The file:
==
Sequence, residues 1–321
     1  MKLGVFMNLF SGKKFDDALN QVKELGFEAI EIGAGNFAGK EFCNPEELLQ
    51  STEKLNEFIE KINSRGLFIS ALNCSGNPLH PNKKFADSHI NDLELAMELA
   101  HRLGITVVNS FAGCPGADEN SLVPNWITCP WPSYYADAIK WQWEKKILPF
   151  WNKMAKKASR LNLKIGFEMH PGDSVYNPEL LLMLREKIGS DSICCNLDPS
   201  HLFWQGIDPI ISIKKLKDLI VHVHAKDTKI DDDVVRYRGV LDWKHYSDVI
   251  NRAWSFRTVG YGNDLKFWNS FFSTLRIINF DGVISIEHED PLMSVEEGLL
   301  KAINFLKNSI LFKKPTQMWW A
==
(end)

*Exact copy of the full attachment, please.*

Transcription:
Sequence, residues 1–321
     1  MKLGVFMNLF SGKKFDDALN QVKELGFEAI EIGAGNFAGK EFCNPEELLQ
    51  STEKLNEFIE KINSRGLFIS ALNCSGNPLH PNKKFADSHI NDLELAMELA
   101  HRLGITVVNS FAGCPGADEN SLVPNWITCP WPSYYADAIK WQWEKKILPF
   151  WNKMAKKASR LNLKIGFEMH PGDSVYNPEL LLMLREKIGS DSICCNLDPS
   201  HLFWQGIDPI ISIKKLKDLI VHVHAKDTKI DDDVVRYRGV LDWKHYSDVI
   251  NRAWSFRTVG YGNDLKFWNS FFSTLRIINF DGVISIEHED PLMSVEEGLL
   301  KAINFLKNSI LFKKPTQMWW A